memetic programming that was fed to generations of forefathers whom in the name of 'g0d' slaugthered millions for not being 'like g0d's obedient children...'

...interesting that when the truly gnostic christ depicted in martin scorcese's brilliant masterpiece 'the last temptation of chirst' the movie was considered a dameon spawn by christians: jews: and catholics of fundamental underpinnings and lasted a mere two weeks before universal studios grew afraid and yanked the film from theatres: during that year of the movies aborted release martin scorcese and his immediate family had death threats issued to them because martin scorcese had dared to depict a vile and vulgar christ not accord to the king james' 'sanctified' savior of men (..and even in the re-written accounts of the king james gospels -- there exists plenty of passages that can be read as purely gnostic such as jesus telling the pharises at one point: '...but isn't it true that we are all g0ds...') that has been carefully milked into being this lifeless letter of the law and not a hair nor nair of 'spirit'...

mel gibson's the passion represents the current spiritual zeitgeist achieved by a dying dead crumbling culture -- that as long as spirituality becomes reduced to innane gibberish fed in a loop that would make the best dj envious to the masses: then 'g0d' becomes 'feared and loved...' while all spark of gnosis (..to remind -- gnosis means simply to realise that the spark of divinity already and always belonged to the individual and that the individual must undertake the great initiation to know thyself truly....) becomes diminished and dimmed as being that 'sinful nature' of man needing g0d's infinite love and guidance and threat of punishment and denial if man continues with his or hers sinful ways......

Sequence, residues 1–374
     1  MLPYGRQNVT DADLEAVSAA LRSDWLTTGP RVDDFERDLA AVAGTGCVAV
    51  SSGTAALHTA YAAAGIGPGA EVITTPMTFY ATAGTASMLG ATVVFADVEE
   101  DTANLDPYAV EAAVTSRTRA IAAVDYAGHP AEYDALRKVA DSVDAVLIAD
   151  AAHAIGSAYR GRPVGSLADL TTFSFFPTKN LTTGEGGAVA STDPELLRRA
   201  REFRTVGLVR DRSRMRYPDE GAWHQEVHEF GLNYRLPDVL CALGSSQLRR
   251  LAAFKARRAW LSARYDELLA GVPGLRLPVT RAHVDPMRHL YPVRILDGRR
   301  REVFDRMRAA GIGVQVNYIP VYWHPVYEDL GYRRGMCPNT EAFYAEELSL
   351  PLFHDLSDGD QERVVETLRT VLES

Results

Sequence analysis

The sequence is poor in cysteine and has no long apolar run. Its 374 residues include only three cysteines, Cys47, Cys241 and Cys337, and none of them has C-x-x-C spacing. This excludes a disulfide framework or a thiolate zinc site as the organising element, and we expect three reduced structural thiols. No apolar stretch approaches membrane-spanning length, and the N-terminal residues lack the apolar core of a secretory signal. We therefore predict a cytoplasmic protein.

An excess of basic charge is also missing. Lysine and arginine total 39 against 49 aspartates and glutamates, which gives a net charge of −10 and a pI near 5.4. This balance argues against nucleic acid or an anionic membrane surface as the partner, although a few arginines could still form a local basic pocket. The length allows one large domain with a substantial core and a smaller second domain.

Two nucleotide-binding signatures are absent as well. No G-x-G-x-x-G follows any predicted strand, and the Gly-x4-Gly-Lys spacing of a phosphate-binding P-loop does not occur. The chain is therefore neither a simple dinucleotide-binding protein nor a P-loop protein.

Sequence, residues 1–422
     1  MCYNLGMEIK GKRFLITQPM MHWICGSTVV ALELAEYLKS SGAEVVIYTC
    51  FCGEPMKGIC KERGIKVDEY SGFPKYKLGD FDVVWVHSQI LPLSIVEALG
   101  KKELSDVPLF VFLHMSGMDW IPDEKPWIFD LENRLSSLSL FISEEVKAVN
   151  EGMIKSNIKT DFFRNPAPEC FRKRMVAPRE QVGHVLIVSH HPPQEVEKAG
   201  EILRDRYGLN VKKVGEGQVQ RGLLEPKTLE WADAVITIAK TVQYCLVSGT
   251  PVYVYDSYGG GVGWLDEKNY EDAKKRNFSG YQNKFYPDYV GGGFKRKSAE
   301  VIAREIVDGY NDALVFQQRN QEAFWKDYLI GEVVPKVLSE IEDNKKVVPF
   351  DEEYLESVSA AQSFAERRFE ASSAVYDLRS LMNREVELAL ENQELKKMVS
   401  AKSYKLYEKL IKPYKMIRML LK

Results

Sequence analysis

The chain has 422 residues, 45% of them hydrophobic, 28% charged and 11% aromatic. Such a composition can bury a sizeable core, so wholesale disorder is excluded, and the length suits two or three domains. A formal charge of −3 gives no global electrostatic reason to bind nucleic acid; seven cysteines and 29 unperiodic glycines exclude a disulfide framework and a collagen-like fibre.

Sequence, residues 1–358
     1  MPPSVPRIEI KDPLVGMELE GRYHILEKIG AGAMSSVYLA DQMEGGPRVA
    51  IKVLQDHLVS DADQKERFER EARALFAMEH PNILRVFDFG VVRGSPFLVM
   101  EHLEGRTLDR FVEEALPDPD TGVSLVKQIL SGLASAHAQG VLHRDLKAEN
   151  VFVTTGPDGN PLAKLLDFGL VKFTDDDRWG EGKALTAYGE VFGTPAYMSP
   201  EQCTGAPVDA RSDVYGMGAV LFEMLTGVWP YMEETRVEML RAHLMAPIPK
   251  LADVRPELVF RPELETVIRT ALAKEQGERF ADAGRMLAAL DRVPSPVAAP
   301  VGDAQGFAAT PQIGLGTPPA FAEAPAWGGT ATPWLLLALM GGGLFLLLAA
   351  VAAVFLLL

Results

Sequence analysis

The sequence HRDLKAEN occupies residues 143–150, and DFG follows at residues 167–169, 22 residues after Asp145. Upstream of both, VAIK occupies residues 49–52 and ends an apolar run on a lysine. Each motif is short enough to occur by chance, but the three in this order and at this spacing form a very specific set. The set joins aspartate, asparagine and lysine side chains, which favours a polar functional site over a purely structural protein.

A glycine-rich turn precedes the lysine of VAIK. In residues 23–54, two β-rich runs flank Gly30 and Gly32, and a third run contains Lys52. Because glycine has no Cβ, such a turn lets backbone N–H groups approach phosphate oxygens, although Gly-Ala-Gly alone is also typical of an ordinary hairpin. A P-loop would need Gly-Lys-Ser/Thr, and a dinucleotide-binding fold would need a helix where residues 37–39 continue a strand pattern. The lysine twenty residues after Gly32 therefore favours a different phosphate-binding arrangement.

gibson's film becomes a very powerful sygil invoked to remind anyone willing to step past the rather rhetorical analysis of the film as being more than what the film has truly been: a highly memetic snuff film projected at the willful whom never want to assume accountability to their lives but wants to pan-handle along the stagnate waters of dogma and systems of dogma to spread among the other willful.,,,,,

thank you.

Posted by: Osa at October 22, 2004 03:57 AM



"the master class are all into zen and pagan rituals these days"
but the enraging thing - that which is literally life-ruining - is that once this [unutterable expletive deleted] infects you, as it soes everyone after even at the most seemingly incidental contact - ordinary and thoughtless pagan simplicity, that is to say, merely suspending acknowledgement of the most intrinsically STUPID idea ever conceived [One God] - becomes utterly impossible
only spineless submission, hysterical opposition, or pitiful and hypocritical displacement activity (pseudo zen and pagan rituals) remain as options
That's why JC - who's identity is indistinguishable from planetary One God propagation - is eternally a figure of abysmal revulsion for me - he stole my freedom in such a radical way that only species-terminating convulsion could ever bring it back